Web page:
As can be seen from the concentration profiles for both NO and N2O in the above figures, Han’s mechanism gave the highest over-prediction for NO and N2O. At the same time, Zhang’s mechanism predicts a low concentration of N2O. Stagni, Betrolino, and Bowen Mei mechanisms are the most accurate models since they predict data near the range of experimental combustion results. Therefore, sensitivity analyses and rate of production for NO and N2O as well as the NOX formation/consumption pathways at the flame zone are presented using Stagni, A.Betrolino, and Bowen Mei’s kinetic models. As the highest exhaust emissions were observed at high thermal power, 20 kW, and high Reynolds number, 40,000, these conditions have been selected for analyzing the sensitivity and rate of production of both NO and N2O species in this part of the study.
[NO] Sensitivity analysis
NO is one of the most critical ammonia combustion products since it has a dangerous effect on the ecosystem with the production of acid rain and other environmental impacts. To study NO's chemistry and investigate the contribution of NO in the formation of N2O, sensitivity analyses have been considered for two previously explained conditions in this part of the study.
[NO] Sensitivity analysis for 20 kW of thermal power
Figures 12, 13 and 14 depict the sensitivity analysis of NO, rate of production, and NO formation/decomposition pathways, respectively, at the combustion flame zone when thermal power is equal to 20 kW using three kinetic models. As can be seen from the pathway’s diagram, HNO shows a great tendency to form NO at the flame zone and can be considered the primary source of NO production.
From Fig. 12, all the kinetic models show high positive sensitivity for the reaction NH + OH ↔ HNO + H, and this reaction is considered the most influential reaction in producing HNO species, among other reactions. Also, the high positive sensitivity of the reaction H + O2 ↔ O + OH leads to an increase in the possibility of the formation of HNO through the reactions NH2 + O ↔ HNO + H and NH + OH ↔ HNO + H due to the abundance of O and OH radicals.
As can be seen from Fig. 13, Stagni and Bertolino’s models indicate that the most prominent chemical reactions responsible for NO production from HNO are HNO + O2 ↔ NO + HO2 and HNO + H ↔ NO + H2. At the same time, the Bowen Mei mechanism illustrates that both reactions HNO + O2 ↔ NO + HO2 and HNO + OH ↔ NO + H2O are the most effective in producing NO from HNO. Most importantly, the chemical reaction NH + NO ↔ N2O + H is responsible for consuming the NO and transforming it to N2O by reacting with NH. All three mechanisms indicate that NH + NO ↔ N2O + H is the dominant reaction in consuming NO, among other reactions.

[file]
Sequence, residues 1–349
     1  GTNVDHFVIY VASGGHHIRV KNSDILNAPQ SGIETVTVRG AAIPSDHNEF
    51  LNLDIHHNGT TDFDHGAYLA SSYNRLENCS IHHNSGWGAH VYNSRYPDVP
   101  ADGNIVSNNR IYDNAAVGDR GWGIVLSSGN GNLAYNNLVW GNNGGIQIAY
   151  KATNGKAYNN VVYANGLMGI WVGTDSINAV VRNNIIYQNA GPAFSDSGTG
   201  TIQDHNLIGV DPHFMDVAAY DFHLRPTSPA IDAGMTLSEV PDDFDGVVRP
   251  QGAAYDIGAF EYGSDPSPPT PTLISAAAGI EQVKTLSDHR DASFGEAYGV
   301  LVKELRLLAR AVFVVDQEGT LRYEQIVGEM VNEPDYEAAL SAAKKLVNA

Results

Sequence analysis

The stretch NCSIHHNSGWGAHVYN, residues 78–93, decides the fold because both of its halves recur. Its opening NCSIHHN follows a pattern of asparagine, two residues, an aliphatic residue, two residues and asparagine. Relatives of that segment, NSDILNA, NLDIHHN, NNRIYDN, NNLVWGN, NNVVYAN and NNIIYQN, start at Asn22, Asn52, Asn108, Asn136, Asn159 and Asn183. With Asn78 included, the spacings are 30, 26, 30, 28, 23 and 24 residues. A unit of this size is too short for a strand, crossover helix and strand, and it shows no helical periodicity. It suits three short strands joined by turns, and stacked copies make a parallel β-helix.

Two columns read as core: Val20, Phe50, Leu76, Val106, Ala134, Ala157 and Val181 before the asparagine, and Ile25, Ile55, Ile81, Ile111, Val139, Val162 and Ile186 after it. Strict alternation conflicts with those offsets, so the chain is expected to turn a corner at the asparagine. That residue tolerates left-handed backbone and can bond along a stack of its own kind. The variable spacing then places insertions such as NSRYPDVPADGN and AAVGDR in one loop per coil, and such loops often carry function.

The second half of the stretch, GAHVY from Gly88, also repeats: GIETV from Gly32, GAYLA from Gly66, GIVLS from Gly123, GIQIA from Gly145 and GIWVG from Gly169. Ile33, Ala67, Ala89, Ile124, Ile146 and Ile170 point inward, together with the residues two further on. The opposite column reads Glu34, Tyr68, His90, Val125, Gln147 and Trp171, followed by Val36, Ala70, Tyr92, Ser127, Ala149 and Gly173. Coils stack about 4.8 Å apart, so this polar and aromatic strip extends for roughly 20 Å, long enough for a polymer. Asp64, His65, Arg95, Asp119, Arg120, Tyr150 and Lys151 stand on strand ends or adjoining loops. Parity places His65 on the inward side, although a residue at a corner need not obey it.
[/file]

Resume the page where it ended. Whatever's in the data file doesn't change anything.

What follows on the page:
As shown from Fig. 14, the pathway diagrams predicted from all three kinetic models indicate that NH2, NH, and N radicals tend to react with NO to produce N2 but at different concentrations. Also, the substantial contribution of both chemical reactions, NH2 + NO ↔ NNH + OH and NH2 + NO ↔ N2 + H2O for converting NO to NNH and N2, respectively, can be noticed in all three kinetic mechanisms. Along with that, the Bowen Mei mechanism shows a considerable increase in the amount of NO reacting with NH2 to produce NNH through the chemical reaction NH2 + NO ↔ NNH + OH, and with NH2, NH and N by NH2 + NO ↔ N2 + H2O, NH + NO ↔ N2 + OH and N + NO ↔ O + N2, compared to the other kinetic mechanisms considered here which demonstrate lower reacting concentrations of NO to produce NNH and N2.
[NO] Sensitivity analysis when Re = 40,000
Figures 15, 16 and 17 show the sensitivity analysis, the rate of production, and formation/destruction pathways for NO, respectively, using the three kinetic models when Reynolds number equals 40,000.
As can be seen from the pathway’s diagram N, NH, NH2, and HNO are the species responsible for NO formation at the flame zone. As seen earlier, HNO has a significant effect on the formation of NO and can be considered the dominant source of NO production among other species. In addition, the effect of Reynolds number was considerably noticed as the concentration of NO from HNO increased noticeably compared to NO-pathways from Fig. 14 for Stagni and Bertolino. At the same time, the Bowen Mei mechanism demonstrates a different effect, as the NO concentration is reduced and shows the role of the N2H2 in the formation of NO.
Figure 15 illustrates NO sensitivity analysis at the flame zone when Reynolds number hit 40,000. The sensitivity level of the reaction H + O2 ↔ O + OH is high and gives a positive value to produce O and OH radicals. The abundance of O and OH radicals encourage the reactions NH + OH ↔ HNO + H and NH2 + O ↔ HNO + H in the formation of HNO which is the main source of NO formation as these reactions show high positive sensitivities of HNO formation.
Figure 16 shows NO production rates and illustrates that the dominant chemical reactions for the creation of NO are HNO + O2 ↔ NO + HO2 and N + O2 ↔ NO + O for both Stagni and Bertolino models. However, the Bowen Mei mechanism predicts that NO could be produced due to the reaction of HNO with O2 and OH through the reactions HNO + O2 ↔ NO + HO2, and HNO + OH ↔ NO + H2O, respectively, and can be considered the controlling reactions responsible for NO formation. In addition to that, the chemical reaction NH + NO ↔ N2O + H gives a negative rate of NO production for all three kinetic mechanisms.